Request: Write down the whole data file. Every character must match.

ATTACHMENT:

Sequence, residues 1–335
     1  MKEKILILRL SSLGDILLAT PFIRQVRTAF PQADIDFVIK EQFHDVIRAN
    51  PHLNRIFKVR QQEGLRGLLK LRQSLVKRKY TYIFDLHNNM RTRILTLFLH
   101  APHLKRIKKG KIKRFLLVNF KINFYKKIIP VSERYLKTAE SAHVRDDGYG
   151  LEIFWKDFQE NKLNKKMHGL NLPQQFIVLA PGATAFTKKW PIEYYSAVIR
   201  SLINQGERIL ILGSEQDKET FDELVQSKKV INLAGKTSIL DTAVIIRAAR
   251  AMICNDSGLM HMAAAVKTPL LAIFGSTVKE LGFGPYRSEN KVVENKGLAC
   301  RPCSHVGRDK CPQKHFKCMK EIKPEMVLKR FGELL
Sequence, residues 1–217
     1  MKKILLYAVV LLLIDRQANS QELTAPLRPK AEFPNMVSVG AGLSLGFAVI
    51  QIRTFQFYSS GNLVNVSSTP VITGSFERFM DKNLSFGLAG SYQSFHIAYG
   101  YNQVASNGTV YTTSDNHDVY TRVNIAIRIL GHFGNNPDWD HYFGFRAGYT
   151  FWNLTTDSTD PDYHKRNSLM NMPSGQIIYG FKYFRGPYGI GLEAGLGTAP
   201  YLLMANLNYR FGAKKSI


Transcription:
Sequence, residues 1–335
     1  MKEKILILRL SSLGDILLAT PFIRQVRTAF PQADIDFVIK EQFHDVIRAN
    51  PHLNRIFKVR QQEGLRGLLK LRQSLVKRKY TYIFDLHNNM RTRILTLFLH
   101  APHLKRIKKG KIKRFLLVNF KINFYKKIIP VSERYLKTAE SAHVRDDGYG
   151  LEIFWKDFQE NKLNKKMHGL NLPQQFIVLA PGATAFTKKW PIEYYSAVIR
   201  SLINQGERIL ILGSEQDKET FDELVQSKKV INLAGKTSIL DTAVIIRAAR
   251  AMICNDSGLM HMAAAVKTPL LAIFGSTVKE LGFGPYRSEN KVVENKGLAC
   301  RPCSHVGRDK CPQKHFKCMK EIKPEMVLKR FGELL
Sequence, residues 1–217
     1  MKKILLYAVV LLLIDRQANS QELTAPLRPK AEFPNMVSVG AGLSLGFAVI
    51  QIRTFQFYSS GNLVNVSSTP VITGSFERFM DKNLSFGLAG SYQSFHIAYG
   101  YNQVASNGTV YTTSDNHDVY TRVNIAIRIL GHFGNNPDWD HYFGFRAGYT
   151  FWNLTTDSTD PDYHKRNSLM NMPSGQIIYG FKYFRGPYGI GLEAGLGTAP
   201  YLLMANLNYR FGAKKSI